On December 9, 2001 05:19 am, Linus Torvalds wrote:
> On Sun, 9 Dec 2001, Daniel Phillips wrote:
> > The difference is, there's only one superblock per mount. There are
> > bazillions of inodes.
> .. and they share buffers.
Not consistently, though this is something that could and should be improved.
Try "ls -i | sort" to see what I mean.
> I bet that having a pointer to the buffer will _reduce_ average
> average footprint rather than increase it. The inodes are fairly densely
> laid out in the buffers, so I dare you to find any real-world (or even
> very contrieved) usage patterns where it ends up being problematic.
I didn't have to look any further than my laptop. Home and etc look like
near-worst cases (because of slow growth and doubtful inode allocation
policy); /bin looks pretty close to the best case, but still it's very rare
to find a full 32 inodes densely allocated. The tradeoff is this: for each
itable block member that happens to be in cache simultaneously you can save
68 bytes by pinning the itable block buffer and pointing directly at it,
while incurring the cache cost of pinning an additional 60 bytes that are
never accessed outside read/update_inode. For each itable block member that
isn't in cache (perhaps because it wasn't allocated) you pin an extra 128
bytes. The break-even is 6 uncached inodes/block - any more and you're
pinning more cache than you're saving.
The case that hurts is where inode access order is non-coherent, which is the
case we're trying to fix. If inode access order *is* coherent, you don't
have a problem because once you're done with an entire itable block it can be
evicted and not read back any time soon.
You're also touching an extra cacheline/inode by following the pointer, for
what it's worth [not much, because we're doing get_block/truncate when
following the link, making the cacheline hit look microscopic].
Continuing the little warts list, there's Alan's comment re needing endian
reversal on big endian machines. I'm also looking at the locking
suspiciously. Directly operating on the buffer it looks like we can happily
change the data even in the middle of a dma. This is murky stuff, I'd be
happy to be corrected on it. I wonder what Ext3 impact we'd have here?
> Remember: we'd save 15*4=60 bytes per inode, at the cost of pinning the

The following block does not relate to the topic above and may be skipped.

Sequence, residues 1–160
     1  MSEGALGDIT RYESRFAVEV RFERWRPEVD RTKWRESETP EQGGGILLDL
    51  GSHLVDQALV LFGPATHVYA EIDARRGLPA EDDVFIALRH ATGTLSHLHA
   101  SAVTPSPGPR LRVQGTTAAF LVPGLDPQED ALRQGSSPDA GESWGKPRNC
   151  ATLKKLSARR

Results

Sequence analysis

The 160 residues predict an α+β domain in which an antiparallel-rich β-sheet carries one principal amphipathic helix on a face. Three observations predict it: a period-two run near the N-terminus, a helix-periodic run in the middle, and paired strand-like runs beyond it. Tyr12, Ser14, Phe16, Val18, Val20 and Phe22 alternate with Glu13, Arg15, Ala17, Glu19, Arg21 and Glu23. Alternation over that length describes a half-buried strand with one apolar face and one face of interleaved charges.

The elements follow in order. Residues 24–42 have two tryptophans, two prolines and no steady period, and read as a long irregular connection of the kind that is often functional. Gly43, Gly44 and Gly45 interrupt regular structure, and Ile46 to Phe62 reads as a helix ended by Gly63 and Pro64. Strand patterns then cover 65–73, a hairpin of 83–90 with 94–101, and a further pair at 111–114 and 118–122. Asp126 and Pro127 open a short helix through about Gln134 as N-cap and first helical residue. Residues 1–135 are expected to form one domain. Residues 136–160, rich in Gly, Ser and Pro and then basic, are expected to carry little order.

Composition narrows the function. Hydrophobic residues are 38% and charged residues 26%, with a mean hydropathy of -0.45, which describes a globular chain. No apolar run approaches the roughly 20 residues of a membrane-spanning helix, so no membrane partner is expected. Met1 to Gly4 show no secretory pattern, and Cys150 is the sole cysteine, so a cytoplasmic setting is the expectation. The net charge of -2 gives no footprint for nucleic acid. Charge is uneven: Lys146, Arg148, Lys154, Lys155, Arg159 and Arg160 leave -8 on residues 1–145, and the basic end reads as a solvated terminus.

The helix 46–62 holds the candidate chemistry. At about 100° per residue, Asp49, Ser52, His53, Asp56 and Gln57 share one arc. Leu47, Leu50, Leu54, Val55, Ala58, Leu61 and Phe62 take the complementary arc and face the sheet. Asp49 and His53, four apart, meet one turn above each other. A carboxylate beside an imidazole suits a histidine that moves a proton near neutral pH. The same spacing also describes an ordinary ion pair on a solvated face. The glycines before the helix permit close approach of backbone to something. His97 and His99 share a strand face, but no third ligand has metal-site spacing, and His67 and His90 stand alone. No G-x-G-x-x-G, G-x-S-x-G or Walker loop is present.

> block the inode is in. But _usually_ we'd have those blocks in memory
> anyway, especially if the inode gets touched (which dirties it, and
> updates atime, which forces us to do writeback).
So by always pinning the itable block you'd be eroding the benefit that can
be obtained through inhibiting atime updating. Even with atime, at least
it's only the in-memory inode being dirtied. When it comes time to update,
itable blocks can be read in as necessary, updated and evicted as the icache
continues to exert pressure. Caveat: I'm rapidly wandering off into obscure
cache balancing issues here, little understood and probably poorly handled.
> For the initial IO we obviously _have_ to have them in memory.
> And we'll get rid of inodes under memory pressure too, so the pinning will
> go away when memory is really tight. Yes, you can try to "attack" the
> machine by trying to open all the right inodes, but the basic attack is
> there already. ulimit is your friend.
Unfortunately, it's not an attack, it's a not-so-rare real life situation -
not to the extreme of my example, but close enough to hurt.
> > It's worth keeping in mind that tweaking the icache efficiency in this
> > case is really just curing a symptom - the underlying problem is a
> > mismatch between readdir order and inode order.
> Well, the inode writeback read-modify-write synchronization and related
> efficiency problems actually has nothing to do with the readdir order.
I've measured the effect. Ignoring seeks, the worst case access order is:
hit_inum(i%n*m + i/n)
where n is the number of itable blocks and m is inodes/block, i.e., for each
itable block, access a single inode on it, repeat until all inodes have been
accessed. Here, pinning inode blocks is going to multiply the number of
inode evictions, even if we set noatime. Cases that approach this degree of
non-coherence aren't rare at all.
The bottom line is, I think you can find cases where your strategy for
reducing double caching saves a little, whereas I can find case where it
hurts a lot.
What if we could do inode-granular transfers through an inode address_space?
This will eliminate the double caching entirely, because we're always able to
generate the full on-disk inode from the cached inode. Then it costs little
to evict the inode buffer immediately after every transfer. It seems to me
that the cost of this would be just a table of states per address_space unit,
plus some fiddling with bio, which we're doing anyway.
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This archive was generated by hypermail 2b29 : Sat Dec 15 2001 - 21:00:15 EST